As mentioned yesterday, the "Tuesday effect" of fewer cases nationally, is also evident in Stavelot.

Nothing to do with the virus. It's due to the testing and medical practice habits.

 

Stavelot - 10 derniers jours - 4 nov

 

Case numbers in Stavelot in the last 7 days ...

 

 

Stavelot - 7 derniers jours - cas totaux - 4 nov

 

 

 

Any help to be had from statistical control of these data? Perhaps.

 

We've been applying two models to the results each day. One is exponential. The other is linear.

Exponential becomes a rocket one day. Linear just plods along. Both in Stavelot are increasing.

 

Without pushing too hard here with the details, the exponential model's error in prediction is increasing day after day.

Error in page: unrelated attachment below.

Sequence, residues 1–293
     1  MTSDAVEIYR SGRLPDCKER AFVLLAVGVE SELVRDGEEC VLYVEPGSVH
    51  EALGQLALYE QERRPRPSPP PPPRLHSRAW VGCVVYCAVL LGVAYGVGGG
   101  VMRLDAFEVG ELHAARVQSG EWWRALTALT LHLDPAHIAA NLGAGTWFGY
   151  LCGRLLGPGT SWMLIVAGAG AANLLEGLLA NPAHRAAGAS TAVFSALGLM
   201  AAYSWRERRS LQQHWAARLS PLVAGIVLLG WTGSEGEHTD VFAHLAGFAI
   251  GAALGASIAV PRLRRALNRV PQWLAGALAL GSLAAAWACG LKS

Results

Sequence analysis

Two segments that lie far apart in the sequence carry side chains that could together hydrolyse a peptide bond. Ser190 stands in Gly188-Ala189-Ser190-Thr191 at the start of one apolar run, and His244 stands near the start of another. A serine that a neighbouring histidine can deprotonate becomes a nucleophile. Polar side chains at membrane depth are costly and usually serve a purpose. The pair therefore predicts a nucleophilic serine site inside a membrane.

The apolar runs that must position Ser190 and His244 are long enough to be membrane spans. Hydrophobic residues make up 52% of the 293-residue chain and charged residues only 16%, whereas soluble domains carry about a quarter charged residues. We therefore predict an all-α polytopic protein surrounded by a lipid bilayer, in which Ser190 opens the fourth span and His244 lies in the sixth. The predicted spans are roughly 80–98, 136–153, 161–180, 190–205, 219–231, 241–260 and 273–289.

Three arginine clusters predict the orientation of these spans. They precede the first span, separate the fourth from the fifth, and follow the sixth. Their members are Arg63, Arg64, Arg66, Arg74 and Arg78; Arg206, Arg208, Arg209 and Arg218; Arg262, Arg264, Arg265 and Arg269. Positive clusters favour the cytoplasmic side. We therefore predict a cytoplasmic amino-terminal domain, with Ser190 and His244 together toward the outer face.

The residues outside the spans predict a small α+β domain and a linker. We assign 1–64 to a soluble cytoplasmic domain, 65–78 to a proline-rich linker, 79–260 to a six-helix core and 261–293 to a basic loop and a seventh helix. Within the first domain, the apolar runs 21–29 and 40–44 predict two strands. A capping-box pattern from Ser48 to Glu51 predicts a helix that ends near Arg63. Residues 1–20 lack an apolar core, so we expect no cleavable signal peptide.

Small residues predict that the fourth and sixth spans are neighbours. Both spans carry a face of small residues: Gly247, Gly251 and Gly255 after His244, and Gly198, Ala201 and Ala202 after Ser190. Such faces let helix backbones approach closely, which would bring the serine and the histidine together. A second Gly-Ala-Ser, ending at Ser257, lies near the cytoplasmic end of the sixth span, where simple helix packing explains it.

The linear model's error is diminishing. Today it correctly predicted the number of cases announced.

 

Predicted and actual outcomes - linear and exponential models - 4 Nov

 

So what?

 

Well one would like to have the actual results in Stavelot, not come out of the column of the exponential model above. It suggests that if things continue as they have been, everyone in town will have been infected by December 8.

 

So we prefer to listen to the linear model. 

 

Both models suggest that new cases will increase. It's just a question of differences in velocity.

 

Any other evidence to support the linear prediction?

 

Don't be afraid of the numbers below, I'll quickly explain.

 

These are comparisons of sequential 10 day periods of reported cases.